Philadelphia has a long, storied, and indiscriminate love of carbs. We have deep history with candy, ice cream, chocolate, cake, and cookies. Then there’s the celebrated savory side of things. What started with soft pretzels and sesame-seeded hoagie rolls has bubbled up: We now have a nationally recognized pizza scene, a bagel boom, and an abundance of high-quality bread bakers, too.
Is the market saturated? Don’t count on it. The pandemic has shed a new light on — and given rise to — local bakeries without brick-and-mortar locations. Hop on Instagram and you’ll find plenty. Here are the stories behind six of them.
Claire Kopp McWilliams loves farmers markets “in a big-picture way,” she says. She loves that they bring a neighborhood together once a week while at the same time providing city residents a connection to their rural counterparts and supporting the smallest and leanest of businesses.
So in 2018, when Kopp McWilliams, head baker and miller at Vetri Cucina, was offered a spot at the Fairmount farmers market, she jumped at it — even though her bakery didn’t exist yet.
“I got permission to reduce my schedule at Vetri, Marc gave his blessing, and I did my first farmers market season while still working ‘normal-people’ full-time,” she jokes. (Kopp McWilliams coauthored a book, Mastering Bread, with her old boss this October.)
Thus was born Ursa Bakery, a sourdough-driven affair that has become her full-time gig since she secured a second weekly spot, at the East Falls farmers market. Kopp McWilliams doesn’t use any white flour. She sources Pennsylvania grains — hard red wheat, whole spelt, whole rye — and mills them fresh to make her breads, which can be preordered online up until the morning of the respective market.
She initially baked out of Mighty Bread Co. in South Philly, where she’s friendly with owner Chris DiPiazza, but moved production closer to home when Pete Merzbacher opened his new Germantown bakery. The proximity of Merzbacher’s has been a boon.
“I’ll finish up at like 9 p.m. and I need to be back at like 2 a.m., so cutting out the 20- to 40-minute commute means everything,” Kopp McWilliams says.
Though she has no plans or wishes for a retail-facing storefront, she would like to find Ursa a permanent production home of its own — for her and her new part-time employee, brought on this summer thanks to bustling business at the market.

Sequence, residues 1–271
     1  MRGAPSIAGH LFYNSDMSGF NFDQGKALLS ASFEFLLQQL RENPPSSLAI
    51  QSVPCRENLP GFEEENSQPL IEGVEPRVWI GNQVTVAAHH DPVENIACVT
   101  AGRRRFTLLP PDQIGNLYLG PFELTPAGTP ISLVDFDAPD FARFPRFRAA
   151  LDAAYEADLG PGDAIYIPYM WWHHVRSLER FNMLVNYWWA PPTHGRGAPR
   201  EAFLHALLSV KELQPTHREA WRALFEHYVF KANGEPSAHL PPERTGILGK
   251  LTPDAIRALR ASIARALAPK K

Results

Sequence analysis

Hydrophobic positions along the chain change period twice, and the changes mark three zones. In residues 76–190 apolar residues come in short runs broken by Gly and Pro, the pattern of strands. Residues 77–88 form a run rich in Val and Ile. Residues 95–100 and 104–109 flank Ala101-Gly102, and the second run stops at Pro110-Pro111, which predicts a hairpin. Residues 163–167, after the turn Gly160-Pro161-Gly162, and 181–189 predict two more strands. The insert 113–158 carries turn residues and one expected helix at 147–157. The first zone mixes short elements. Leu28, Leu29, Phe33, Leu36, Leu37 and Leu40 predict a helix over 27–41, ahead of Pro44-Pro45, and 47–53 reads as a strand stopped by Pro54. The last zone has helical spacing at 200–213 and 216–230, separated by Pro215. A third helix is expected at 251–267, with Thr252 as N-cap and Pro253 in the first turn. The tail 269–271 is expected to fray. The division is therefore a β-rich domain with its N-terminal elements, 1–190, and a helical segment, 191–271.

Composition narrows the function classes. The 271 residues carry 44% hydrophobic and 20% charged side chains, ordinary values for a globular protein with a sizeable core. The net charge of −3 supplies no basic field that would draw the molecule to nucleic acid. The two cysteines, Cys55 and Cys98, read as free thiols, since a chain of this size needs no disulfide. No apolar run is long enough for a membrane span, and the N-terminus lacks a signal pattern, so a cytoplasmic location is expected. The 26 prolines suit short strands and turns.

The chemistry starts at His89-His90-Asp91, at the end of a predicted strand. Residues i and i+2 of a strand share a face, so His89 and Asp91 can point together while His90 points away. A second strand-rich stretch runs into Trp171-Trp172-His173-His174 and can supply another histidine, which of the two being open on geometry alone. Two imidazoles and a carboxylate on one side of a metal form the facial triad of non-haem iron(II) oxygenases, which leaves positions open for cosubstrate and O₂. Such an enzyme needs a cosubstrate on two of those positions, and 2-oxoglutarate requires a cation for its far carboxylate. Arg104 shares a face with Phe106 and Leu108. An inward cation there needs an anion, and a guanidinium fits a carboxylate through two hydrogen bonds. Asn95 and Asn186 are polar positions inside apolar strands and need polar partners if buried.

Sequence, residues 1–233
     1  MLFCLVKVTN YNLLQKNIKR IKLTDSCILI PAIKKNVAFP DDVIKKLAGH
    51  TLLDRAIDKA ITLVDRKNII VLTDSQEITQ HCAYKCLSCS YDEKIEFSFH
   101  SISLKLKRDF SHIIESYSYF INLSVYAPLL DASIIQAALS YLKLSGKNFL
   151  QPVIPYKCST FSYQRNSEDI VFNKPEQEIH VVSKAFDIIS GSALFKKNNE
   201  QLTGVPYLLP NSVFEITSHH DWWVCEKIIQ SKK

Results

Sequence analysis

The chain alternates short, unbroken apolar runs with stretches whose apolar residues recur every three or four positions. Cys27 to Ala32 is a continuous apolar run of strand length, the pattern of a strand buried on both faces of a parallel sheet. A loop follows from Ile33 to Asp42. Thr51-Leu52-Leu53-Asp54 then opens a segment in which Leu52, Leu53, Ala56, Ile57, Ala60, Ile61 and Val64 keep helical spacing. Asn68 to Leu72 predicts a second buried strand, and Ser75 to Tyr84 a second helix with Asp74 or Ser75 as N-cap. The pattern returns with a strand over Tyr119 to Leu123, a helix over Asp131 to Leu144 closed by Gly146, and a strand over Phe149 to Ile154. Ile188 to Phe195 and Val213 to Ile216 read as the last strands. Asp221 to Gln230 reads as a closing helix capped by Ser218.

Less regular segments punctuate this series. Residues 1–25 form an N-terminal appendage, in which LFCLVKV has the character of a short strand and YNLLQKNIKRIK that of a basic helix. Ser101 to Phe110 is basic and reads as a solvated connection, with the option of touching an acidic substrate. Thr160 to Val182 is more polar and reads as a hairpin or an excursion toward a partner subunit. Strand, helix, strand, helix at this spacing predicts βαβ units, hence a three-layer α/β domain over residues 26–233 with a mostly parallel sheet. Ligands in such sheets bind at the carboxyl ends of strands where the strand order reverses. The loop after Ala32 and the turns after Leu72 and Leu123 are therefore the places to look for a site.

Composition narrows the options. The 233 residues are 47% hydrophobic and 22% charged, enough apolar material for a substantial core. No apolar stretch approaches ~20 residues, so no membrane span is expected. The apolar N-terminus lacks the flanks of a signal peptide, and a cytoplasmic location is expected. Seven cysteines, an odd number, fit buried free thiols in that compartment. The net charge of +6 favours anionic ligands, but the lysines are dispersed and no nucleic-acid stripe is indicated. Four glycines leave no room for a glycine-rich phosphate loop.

“I cannot make enough baguettes or fougasse,” she says. “Business has boomed this year, and I hope that someone will stick around when the world isn’t so dangerous.”
Mardhory Cepeda’s Brazilian bakery, Kouklet (pronounced cook-lei), has traveled quite a bit since she launched it in 2012 after finishing culinary school in Brazil. She spent a year and a half vending her wares in her home country before moving to New York to study English and work in restaurants. She rebooted Kouklet there in 2017, selling Kouklet’s specialty — the bolo de rolo, an impossibly thin cake roll from northeastern Brazil — at markets in North Jersey, Queens, and Brooklyn.
But Cepeda’s husband, a St. Joseph’s University graduate, lured her to Philadelphia in late 2019. " I started researching about the food industry here, and I actually really fell in love,” she says.
Kouklet made its Philly debut in 2020, a year that’s been marked by renewed focus for Cepeda. “I was more invested,” she says. “It was a lot about Philly, too, because I felt a lot of support here from other business in the community.”
Cepeda rents out space in the Bridesburg Commissary, sells at Manayunk’s Pretzel Park farmers market, and pops up with some frequency at Herman’s Coffee in Pennsport. She ships Kouklet’s cake rolls nationwide — often to the West Coast and once to Hawaii — and delivers them locally. The fresh-baked cakes last for seven days at room temperature, two weeks in the fridge, and two months frozen.
Making the cake rolls requires precision. Cepeda has to measure the millimeters-thick layers and fine-tune the temperature to keep the cakes moist enough for rolling. “It was difficult in the beginning for sure to get the layers even. But with time and practice, it just got easier and easier,” she says.